Lawmakers send message to Bush: work with UN

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(Host ) A group of 87 lawmakers have signed a letter to President Bush urging the president to seek U.N. approval before taking any military action against Iraq. The group says their letter is not an anti-war message, but rather reflects the need for this country to exhaust of all its non-military options before committing troops to Iraq.

VPR’s Bob Kinzel reports:

(Kinzel) Nearly half of all House and Senate members signed the letter which concludes with the belief that the Bush administration has not yet made the case that Iraq “poses an immediate threat to our nation that justifies risking the lives of brave men and women.”

Burlington Representative John Tracy, who is a Vietnam veteran, said the group felt it was very important to speak out on this issue at this time:

(Tracy) “What we are asking is for the administration to take a deep breath work through the United Nations, work with our allies. And before we put our young people in harm’s way, that we make sure that we’ve done everything we can. War is something you do when everything else fails.”

(Kinzel) The letter was signed by Democrats, Republicans, Progressives and Independents. Political observers were very surprised to see the name of Caledonia Senator Julius Canns on the list. Canns has been a champion of veterans’ rights and has led the effort to pass a constitutional amendment banning flag burning. Canns, who is a veteran of World War II, bristled at the notion that lawmakers who signed the letter were being disloyal to their country:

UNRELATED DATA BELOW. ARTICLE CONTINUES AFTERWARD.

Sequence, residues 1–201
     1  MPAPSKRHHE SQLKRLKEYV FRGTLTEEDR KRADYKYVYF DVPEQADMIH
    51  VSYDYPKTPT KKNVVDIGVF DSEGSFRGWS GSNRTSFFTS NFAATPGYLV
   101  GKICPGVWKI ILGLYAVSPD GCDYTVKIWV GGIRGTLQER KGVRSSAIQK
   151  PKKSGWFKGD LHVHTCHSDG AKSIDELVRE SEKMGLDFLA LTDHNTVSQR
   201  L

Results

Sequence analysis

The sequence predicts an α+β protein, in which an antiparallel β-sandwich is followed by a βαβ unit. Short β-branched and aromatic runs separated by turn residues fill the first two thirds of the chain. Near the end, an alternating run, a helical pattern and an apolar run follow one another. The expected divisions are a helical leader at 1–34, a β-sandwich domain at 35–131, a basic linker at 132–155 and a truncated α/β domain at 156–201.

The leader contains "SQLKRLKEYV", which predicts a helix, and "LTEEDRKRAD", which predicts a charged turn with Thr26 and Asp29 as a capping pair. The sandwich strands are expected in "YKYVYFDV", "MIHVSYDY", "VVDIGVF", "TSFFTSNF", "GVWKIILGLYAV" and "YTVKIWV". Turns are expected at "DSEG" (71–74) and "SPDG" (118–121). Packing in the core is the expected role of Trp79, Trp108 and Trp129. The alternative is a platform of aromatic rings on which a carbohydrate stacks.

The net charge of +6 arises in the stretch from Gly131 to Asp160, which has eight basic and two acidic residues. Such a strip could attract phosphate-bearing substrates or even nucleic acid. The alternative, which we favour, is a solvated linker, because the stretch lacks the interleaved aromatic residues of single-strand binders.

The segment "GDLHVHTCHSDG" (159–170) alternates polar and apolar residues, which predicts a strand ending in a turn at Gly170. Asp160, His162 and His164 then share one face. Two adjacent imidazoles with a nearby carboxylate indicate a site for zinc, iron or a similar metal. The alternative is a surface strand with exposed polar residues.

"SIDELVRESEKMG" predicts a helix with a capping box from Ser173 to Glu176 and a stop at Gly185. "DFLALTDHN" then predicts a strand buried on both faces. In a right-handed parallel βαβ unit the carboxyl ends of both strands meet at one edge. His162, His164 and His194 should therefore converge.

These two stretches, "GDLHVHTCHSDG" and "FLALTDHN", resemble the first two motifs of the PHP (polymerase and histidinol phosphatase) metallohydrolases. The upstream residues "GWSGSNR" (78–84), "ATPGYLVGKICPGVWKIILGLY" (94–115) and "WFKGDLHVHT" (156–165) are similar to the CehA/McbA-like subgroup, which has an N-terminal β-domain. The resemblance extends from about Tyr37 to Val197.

(Canns) “And my problem with attacking Iraq is, I can’t justify overthrowing a leader that was elected by their own people, because it’s a two-edged sword. There’s no reason why they couldn’t do the same to us ¿ it would be justified if we’d done that. I don’t know that they blew the twin towers down. I thought that was another person in Afghanistan we’re supposed to be chasing. Where do we lose our focus? We have a problem with Korea. Who are we going to attack? The world? That’s why I have a problem and I grant you, I’m loyal to this country. But I don’t want to attack Iraq without the entire world saying, ‘Yes, this is the time. They are a danger to the world.’ Because I think we’re a danger to the world, the way we’re acting.”

(Kinzel) The lawmakers who signed the letter said they didn’t introduce a resolution on this issue because they want the Legislature to focus on concerns that directly affect the state.

For Vermont Public Radio, I’m Bob Kinzel in Montpelier.

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